Such a reactive response refutes the notion of it being all-seeing and all-powerful. This is not to say that the Gestapo themselves were not capable of acts of great power and brutality, as the evidence shows that they removed freedoms, to imprisoned thousands, and punished countless numbers. However, many historians are keen to find a balance beyond an omnipotent organisation; as Mallman and Paul note:
‘The Nazi regime was quite definitely not in the position to engage in comprehensive surveillance or perfect repression. Although the Nazi regime’s aspirations were totalitarian, the reality was not.’
So, why did the Gestapo myth grow to such proportions? Much of the blame lies in Allied propaganda during the war, as well as the Gestapo’s enduring popularity in post-war films and TV (even appearing as a figure of amusement in British sit-com Allo Allo in the form of the character Herr Flick).
However, the myth could be traced back much earlier to Germany itself. The Gestapo relied on the support of the Germans in order to rule, perhaps relying on this support more than on terror. Perhaps Germans from the period wanted to excuse their passivity and broad acceptance of the Nazis by promoting the Gestapo and the constraints that they lived under. Eric Johnson develops this argument further by claiming that the German population and the Nazis essentially formed an unspoken pact: the population was left untouched by minor law-breaking just as long as the Nazis had a free hand at persecution of political dissidents and ‘undesirables’.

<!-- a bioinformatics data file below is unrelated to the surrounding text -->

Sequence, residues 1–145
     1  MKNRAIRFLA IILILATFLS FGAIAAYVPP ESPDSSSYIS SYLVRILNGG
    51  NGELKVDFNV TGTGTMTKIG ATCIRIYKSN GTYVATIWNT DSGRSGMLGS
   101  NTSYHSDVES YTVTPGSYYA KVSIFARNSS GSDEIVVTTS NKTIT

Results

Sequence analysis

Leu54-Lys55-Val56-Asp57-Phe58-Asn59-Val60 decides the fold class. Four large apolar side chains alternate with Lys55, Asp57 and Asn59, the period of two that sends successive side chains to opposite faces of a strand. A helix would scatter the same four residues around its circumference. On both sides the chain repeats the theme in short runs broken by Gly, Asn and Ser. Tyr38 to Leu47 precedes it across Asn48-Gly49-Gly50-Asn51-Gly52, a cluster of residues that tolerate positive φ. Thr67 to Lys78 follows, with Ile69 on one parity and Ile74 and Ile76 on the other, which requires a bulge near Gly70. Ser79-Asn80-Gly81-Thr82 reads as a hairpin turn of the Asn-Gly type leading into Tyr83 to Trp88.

‘They were everywhere,’ one witness – now an old man – told a historian in the 1990s. The man himself lived in Wurzburg during the 1930s, a place in which records reveal that there were only 28 Gestapo officers covering the million who lived in the region. Clearly, then, they were not everywhere. But although the records show a limited number of active operatives, ordinary Germans faced something bigger: fear. The fear that they could be denounced, the fear of saying the wrong thing, the fear of being imprisoned and never seeing light again. So, although the Gestapo were not part of a complete totalitarian state, the myth of their power was incredibly potent and was enough to intimidate ordinary citizens.